Nikki Haley: Kelly and Tillerson tried to recruit me to undermine Trump to “save the country”

Haley says she refused to join secret effort to "undermine" Trump despite warning that people "would die"

By Igor Derysh

Managing Editor

Published November 11, 2019 10:47AM (EST)

Nikki Haley (AP/Jose Luis Magana)
Nikki Haley (AP/Jose Luis Magana)

Two former top Trump advisers hatched a secret plot to undermine the president in an effort to “save the country,” according to former United Nations ambassador Nikki Haley’s new book.

Former Secretary of State Rex Tillerson and former White House chief of staff John Kelly tried to recruit Haley into an effort to subvert Trump but she refused, Haley wrote in her upcoming memoir “With All Due Respect,” according to The Washington Post.

“Kelly and Tillerson confided in me that when they resisted the president, they weren’t being insubordinate, they were trying to save the country,” Haley wrote. “It was their decisions, not the president’s, that were in the best interests of America, they said. The president didn’t know what he was doing.”

Haley wrote that Tillerson warned her that people would “die” if Trump were left unchecked. The two men argued that Trump’s decision to withhold aid to a United Nations agency that aids the Palestinians would lead to increased violence and widen rifts in the region.

“I was so shocked I didn’t say anything going home because I just couldn’t get my arms around the fact that here you have two key people in an administration undermining the president,” Haley told The Post.

Haley said in an interview with CBS News that she thought Tillerson’s assertion that people would “die” was “offensive.”

“It absolutely happened,” she said. “And instead of saying that to me, they should’ve been saying that to the President, not asking me to join them on their sidebar plan.”

Haley said that the two advisers should have quit if they didn’t support the president’s policies.

“But to undermine a president is really a very dangerous thing,” she said. “And it goes against the Constitution, and it goes against what the American people want.”

Tillerson has not commented on Haley’s claims but Kelly did not deny the substance of her allegations in a statement to CBS News.

“If by resistance and stalling she means putting a staff process in place…to ensure the [President] knew all the pros and cons of what policy decision he might be contemplating so he could make an informed decision, then guilty as charged,” he said.

Though Haley criticized Trump before his election and has offered occasional criticism since, describing Trump’s tweet telling four congresswomen of color to “go back” to the countries they came from as “not appropriate,” she has largely defended the president. The Washington Post’s Sean Sullivan suggested that Haley is widely seen as a potential 2024 presidential candidate and may be positioning herself as an ally of Trump ahead of a possible primary run.

Haley did not dissuade those predictions when she defended the president from the impeachment inquiry in her CBS interview on Sunday.

Asked if she thought Trump will be impeached, Haley replied, “No, on what?”

“You're gonna impeach a president for asking for a favor that didn't happen and giving money and it wasn't withheld? I don't know what you would impeach him on,” she said. “The death penalty for a public official. When you look at the transcript, there's nothing in that transcript that warrants the death penalty for the president."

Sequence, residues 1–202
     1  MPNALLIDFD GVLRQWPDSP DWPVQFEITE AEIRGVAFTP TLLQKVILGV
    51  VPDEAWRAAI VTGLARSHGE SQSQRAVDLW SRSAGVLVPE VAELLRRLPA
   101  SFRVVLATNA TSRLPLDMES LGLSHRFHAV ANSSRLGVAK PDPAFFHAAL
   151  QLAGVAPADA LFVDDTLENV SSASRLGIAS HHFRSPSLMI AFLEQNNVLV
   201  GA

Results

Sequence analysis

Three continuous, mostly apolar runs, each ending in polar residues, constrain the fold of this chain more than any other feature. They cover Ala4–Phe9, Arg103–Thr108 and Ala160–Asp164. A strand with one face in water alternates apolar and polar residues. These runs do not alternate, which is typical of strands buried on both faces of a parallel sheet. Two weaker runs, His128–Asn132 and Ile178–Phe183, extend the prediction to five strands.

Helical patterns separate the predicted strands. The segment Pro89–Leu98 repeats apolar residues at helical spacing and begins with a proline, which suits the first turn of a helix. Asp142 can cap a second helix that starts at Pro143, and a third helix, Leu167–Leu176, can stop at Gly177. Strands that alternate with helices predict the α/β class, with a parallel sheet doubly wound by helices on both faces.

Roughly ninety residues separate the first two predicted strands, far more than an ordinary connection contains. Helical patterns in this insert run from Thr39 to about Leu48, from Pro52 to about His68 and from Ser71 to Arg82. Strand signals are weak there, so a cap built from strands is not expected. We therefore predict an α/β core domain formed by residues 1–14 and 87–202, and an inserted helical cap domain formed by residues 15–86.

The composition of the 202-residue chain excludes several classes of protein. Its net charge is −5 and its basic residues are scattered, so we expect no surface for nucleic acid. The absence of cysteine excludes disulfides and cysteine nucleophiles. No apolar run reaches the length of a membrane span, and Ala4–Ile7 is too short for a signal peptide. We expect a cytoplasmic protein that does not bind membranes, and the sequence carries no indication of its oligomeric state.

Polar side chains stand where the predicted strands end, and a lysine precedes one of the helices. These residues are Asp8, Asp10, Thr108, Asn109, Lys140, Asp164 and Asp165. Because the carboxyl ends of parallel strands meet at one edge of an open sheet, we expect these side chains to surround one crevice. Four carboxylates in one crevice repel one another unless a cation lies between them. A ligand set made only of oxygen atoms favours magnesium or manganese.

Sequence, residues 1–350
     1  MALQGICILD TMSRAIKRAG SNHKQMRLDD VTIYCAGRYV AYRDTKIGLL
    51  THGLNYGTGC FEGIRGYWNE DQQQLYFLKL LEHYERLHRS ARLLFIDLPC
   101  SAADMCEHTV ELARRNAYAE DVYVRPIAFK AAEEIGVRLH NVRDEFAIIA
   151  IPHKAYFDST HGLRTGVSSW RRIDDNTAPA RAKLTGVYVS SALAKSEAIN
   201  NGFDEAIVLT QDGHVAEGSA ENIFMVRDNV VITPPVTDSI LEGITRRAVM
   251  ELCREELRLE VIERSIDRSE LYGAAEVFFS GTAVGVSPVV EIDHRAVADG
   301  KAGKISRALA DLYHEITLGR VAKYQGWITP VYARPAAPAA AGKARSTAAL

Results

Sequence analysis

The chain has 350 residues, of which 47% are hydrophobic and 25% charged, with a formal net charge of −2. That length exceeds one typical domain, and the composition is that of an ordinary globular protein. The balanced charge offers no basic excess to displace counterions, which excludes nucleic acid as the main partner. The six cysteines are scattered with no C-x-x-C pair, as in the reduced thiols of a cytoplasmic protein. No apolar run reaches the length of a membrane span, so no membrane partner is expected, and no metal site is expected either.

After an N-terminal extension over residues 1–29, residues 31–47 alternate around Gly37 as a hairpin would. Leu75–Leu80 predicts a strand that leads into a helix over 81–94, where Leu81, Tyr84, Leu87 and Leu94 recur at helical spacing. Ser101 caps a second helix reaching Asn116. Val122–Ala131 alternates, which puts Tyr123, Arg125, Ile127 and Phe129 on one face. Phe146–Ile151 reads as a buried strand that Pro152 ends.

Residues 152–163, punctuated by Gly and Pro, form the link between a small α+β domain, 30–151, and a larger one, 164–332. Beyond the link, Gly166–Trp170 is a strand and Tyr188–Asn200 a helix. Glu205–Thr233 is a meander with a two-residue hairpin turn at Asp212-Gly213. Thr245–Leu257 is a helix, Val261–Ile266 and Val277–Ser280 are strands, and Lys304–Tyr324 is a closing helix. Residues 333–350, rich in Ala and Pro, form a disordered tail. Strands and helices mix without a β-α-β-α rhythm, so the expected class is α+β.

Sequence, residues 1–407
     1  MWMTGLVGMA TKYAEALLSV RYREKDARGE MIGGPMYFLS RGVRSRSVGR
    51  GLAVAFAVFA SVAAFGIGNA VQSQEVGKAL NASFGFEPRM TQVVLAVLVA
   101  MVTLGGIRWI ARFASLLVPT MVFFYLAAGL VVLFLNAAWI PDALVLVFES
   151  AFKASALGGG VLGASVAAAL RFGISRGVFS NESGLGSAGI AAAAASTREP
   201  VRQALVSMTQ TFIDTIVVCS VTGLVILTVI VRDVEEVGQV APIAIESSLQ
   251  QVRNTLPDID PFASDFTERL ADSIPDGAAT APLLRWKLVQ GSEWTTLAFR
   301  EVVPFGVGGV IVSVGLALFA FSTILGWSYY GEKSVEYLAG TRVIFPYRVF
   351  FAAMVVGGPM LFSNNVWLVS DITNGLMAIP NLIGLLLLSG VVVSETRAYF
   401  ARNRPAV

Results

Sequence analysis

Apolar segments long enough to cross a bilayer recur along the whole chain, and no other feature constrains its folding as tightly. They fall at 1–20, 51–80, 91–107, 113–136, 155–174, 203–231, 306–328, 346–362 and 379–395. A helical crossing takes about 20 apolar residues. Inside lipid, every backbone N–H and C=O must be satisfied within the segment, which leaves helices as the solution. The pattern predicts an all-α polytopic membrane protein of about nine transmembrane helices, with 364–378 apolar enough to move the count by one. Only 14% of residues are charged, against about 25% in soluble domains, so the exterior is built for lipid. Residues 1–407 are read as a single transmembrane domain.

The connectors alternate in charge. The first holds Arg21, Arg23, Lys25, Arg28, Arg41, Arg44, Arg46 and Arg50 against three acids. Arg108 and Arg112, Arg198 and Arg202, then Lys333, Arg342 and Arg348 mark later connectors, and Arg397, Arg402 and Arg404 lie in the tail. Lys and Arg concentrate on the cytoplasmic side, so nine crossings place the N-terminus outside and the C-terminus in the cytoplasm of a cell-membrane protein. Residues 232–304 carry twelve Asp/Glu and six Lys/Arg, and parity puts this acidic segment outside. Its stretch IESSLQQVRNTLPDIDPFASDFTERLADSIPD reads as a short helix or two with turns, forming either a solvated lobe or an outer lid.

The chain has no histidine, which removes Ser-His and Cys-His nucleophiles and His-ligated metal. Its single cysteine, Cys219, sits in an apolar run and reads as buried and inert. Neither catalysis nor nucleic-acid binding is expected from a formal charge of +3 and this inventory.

Haley was referring to a partial transcript of Trump’s July 25 phone call to the Ukrainian president, on which he pressed the leader to investigate the Bidens while withholding military aid. A top National Security Council official who listened to the call later testified that specific references to Biden were “omitted” from the partial transcript. Multiple Trump administration officials have testified that the president tried to extort Ukraine into launching a Biden investigation and a separate Clinton probe in exchange for the military aid, which Congress had already allocated.

"The Ukrainians never did the investigation. And the president released the funds. I mean, when you look at those, there's just nothing impeachable there,” Haley told CBS. “The American people should decide this. Why do we have a bunch of people in Congress making that decision?"

MSNBC host Joe Scarborough suggested that Haley’s book and press tour were aimed at “an audience of one,” the president.

“Nikki Haley is not dumb. In fact, we know her, she’s quite intelligent. But she certainly is playing a game here,” Scarborough said Monday. “She’s putting herself in position to be Mike Pence’s replacement, if the president decides he needs to replace Mike Pence, and this was an audition… That’s exactly what this book is all about.”

Haley has long been rumored as a possible replacement for Pence on the 2020 ticket. If Haley’s goal was to reach Trump, it appears to have worked. The president praised the book on Twitter Sunday night.

But beyond trying to ingratiate herself with the president, Haley is also betting that the Republican Party will remain solidly pro-Trump well after he leaves office.

“Haley, the bright hope of Trump-skeptical Republicans, has placed a big bet that the Republican future will be almost as Trump-y as the recent Republican past,” former George W. Bush speechwriter David Frum wrote at The Atlantic. “Tillerson and Kelly tried to raise the alarm, but they are not running for office. Haley is, and she first rejected them and then outed them. In terms of amoral calculation, the odds seem with her… We’ll all soon see how far that half-heartedness will elevate her.”

By Igor Derysh

Igor Derysh is Salon's managing editor. His work has also appeared in the Los Angeles Times, Chicago Tribune, Boston Herald and Baltimore Sun.

MORE FROM Igor Derysh